Moshpits are a strange and ancient-seeming phenomenon. As a non-verbal expression, they’re the most obvious indicator of a vital and healthy rock show – and over the last decade, Cornell researchers have discovered similarities between moshers and molecules in a gas, with each moving and bumping into each other at high speed.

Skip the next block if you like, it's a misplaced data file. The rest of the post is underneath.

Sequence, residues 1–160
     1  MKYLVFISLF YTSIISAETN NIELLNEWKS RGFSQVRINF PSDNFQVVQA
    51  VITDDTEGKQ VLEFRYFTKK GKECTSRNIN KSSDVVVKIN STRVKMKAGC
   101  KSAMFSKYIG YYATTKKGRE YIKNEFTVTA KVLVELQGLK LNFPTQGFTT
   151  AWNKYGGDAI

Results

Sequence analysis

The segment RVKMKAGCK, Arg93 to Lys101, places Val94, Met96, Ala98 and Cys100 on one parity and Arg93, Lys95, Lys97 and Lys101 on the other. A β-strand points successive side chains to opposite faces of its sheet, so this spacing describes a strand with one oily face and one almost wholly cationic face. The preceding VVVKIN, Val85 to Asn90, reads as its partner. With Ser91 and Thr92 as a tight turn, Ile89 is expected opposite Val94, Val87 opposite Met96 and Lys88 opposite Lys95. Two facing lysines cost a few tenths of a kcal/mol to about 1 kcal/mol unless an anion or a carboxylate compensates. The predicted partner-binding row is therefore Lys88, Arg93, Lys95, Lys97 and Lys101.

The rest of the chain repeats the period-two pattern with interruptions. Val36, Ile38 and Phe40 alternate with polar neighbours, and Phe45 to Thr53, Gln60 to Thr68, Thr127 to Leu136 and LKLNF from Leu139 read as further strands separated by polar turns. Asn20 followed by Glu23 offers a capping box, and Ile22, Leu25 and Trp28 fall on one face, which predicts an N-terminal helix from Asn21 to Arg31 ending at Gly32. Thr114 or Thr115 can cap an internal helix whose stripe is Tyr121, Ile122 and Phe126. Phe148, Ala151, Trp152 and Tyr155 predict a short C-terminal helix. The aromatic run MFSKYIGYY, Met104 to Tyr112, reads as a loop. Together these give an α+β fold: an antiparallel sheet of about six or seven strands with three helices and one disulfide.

So on an elemental level, it makes sense why people like moshing so much. On a physical level, pits provide the sort of visceral communication you wouldn’t usually get away with (I’m pissed! I’m mad! I’m sad!). Being part of one allows you to turn your mind off and give yourself over to nature.Or maybe that’s overthinking it. Opening up a space in a crowd with equal parts sheer force of will and collective psychic effort is also just cool. Thrashing against other people like you’re human bumper cars is stupidly fun.For a whole year-and-a-bit, moshing has been a no-go, because shows without social distancing during the pandemic were obviously dangerous. That changed this weekend, with Download Festival opening its doors to 10,000 punters as part of a pilot to test whether festivals can safely operate in the era of COVID-19. In a few days we’ll see how many people caught the virus as a result of attending this weekend – but a minor threat to health has always been an integral element of the moshpit.Here are some photos of the joy, rain, sweat and tears from the first day’s worth of Download moshpits: